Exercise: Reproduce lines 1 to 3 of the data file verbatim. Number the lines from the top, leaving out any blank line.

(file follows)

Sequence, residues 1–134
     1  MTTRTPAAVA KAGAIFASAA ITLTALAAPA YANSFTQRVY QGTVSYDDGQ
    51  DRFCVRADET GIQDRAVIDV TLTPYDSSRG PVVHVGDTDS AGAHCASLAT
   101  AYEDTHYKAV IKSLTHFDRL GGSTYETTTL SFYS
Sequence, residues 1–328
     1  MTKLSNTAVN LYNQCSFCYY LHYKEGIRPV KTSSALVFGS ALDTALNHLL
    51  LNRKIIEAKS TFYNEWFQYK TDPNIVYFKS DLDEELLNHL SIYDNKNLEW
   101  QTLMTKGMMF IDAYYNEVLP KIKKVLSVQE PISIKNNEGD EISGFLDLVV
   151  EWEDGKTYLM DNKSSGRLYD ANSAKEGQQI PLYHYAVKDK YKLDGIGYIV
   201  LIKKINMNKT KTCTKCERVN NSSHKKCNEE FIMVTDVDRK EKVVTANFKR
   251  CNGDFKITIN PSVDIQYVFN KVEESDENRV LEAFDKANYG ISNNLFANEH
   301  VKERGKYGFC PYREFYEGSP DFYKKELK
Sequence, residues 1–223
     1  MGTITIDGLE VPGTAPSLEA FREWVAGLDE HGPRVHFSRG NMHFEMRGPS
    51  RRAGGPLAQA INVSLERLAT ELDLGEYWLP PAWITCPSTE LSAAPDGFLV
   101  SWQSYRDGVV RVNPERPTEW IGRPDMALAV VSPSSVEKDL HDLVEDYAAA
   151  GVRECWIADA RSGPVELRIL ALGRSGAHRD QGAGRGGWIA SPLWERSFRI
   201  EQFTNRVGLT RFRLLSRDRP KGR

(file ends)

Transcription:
Sequence, residues 1–134
     1  MTTRTPAAVA KAGAIFASAA ITLTALAAPA YANSFTQRVY QGTVSYDDGQ
    51  DRFCVRADET GIQDRAVIDV TLTPYDSSRG PVVHVGDTDS AGAHCASLAT